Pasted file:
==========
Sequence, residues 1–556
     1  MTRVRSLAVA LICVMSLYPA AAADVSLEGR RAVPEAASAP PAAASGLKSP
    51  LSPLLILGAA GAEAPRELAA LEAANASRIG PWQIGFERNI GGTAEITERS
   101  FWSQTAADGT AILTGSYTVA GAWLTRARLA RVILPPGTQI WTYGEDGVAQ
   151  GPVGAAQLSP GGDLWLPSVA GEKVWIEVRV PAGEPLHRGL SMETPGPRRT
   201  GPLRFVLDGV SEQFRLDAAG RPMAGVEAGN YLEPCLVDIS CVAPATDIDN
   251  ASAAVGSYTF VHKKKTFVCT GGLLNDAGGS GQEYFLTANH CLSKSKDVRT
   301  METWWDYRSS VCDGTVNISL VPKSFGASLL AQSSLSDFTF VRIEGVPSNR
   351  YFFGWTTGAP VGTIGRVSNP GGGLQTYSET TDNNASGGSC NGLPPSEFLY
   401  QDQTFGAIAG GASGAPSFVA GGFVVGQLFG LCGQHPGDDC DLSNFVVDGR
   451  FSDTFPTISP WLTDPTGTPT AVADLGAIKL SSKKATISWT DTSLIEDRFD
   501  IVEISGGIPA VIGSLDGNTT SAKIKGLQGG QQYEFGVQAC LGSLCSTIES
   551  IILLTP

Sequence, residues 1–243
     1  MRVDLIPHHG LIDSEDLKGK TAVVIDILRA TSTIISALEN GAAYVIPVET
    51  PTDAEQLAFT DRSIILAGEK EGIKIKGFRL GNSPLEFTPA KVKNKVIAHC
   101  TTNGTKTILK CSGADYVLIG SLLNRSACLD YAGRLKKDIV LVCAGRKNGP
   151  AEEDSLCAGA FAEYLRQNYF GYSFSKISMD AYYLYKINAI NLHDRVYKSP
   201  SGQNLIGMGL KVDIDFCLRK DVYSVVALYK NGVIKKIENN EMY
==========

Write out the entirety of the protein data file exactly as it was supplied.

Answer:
Sequence, residues 1–556
     1  MTRVRSLAVA LICVMSLYPA AAADVSLEGR RAVPEAASAP PAAASGLKSP
    51  LSPLLILGAA GAEAPRELAA LEAANASRIG PWQIGFERNI GGTAEITERS
   101  FWSQTAADGT AILTGSYTVA GAWLTRARLA RVILPPGTQI WTYGEDGVAQ
   151  GPVGAAQLSP GGDLWLPSVA GEKVWIEVRV PAGEPLHRGL SMETPGPRRT
   201  GPLRFVLDGV SEQFRLDAAG RPMAGVEAGN YLEPCLVDIS CVAPATDIDN
   251  ASAAVGSYTF VHKKKTFVCT GGLLNDAGGS GQEYFLTANH CLSKSKDVRT
   301  METWWDYRSS VCDGTVNISL VPKSFGASLL AQSSLSDFTF VRIEGVPSNR
   351  YFFGWTTGAP VGTIGRVSNP GGGLQTYSET TDNNASGGSC NGLPPSEFLY
   401  QDQTFGAIAG GASGAPSFVA GGFVVGQLFG LCGQHPGDDC DLSNFVVDGR
   451  FSDTFPTISP WLTDPTGTPT AVADLGAIKL SSKKATISWT DTSLIEDRFD
   501  IVEISGGIPA VIGSLDGNTT SAKIKGLQGG QQYEFGVQAC LGSLCSTIES
   551  IILLTP

Sequence, residues 1–243
     1  MRVDLIPHHG LIDSEDLKGK TAVVIDILRA TSTIISALEN GAAYVIPVET
    51  PTDAEQLAFT DRSIILAGEK EGIKIKGFRL GNSPLEFTPA KVKNKVIAHC
   101  TTNGTKTILK CSGADYVLIG SLLNRSACLD YAGRLKKDIV LVCAGRKNGP
   151  AEEDSLCAGA FAEYLRQNYF GYSFSKISMD AYYLYKINAI NLHDRVYKSP
   201  SGQNLIGMGL KVDIDFCLRK DVYSVVALYK NGVIKKIENN EMY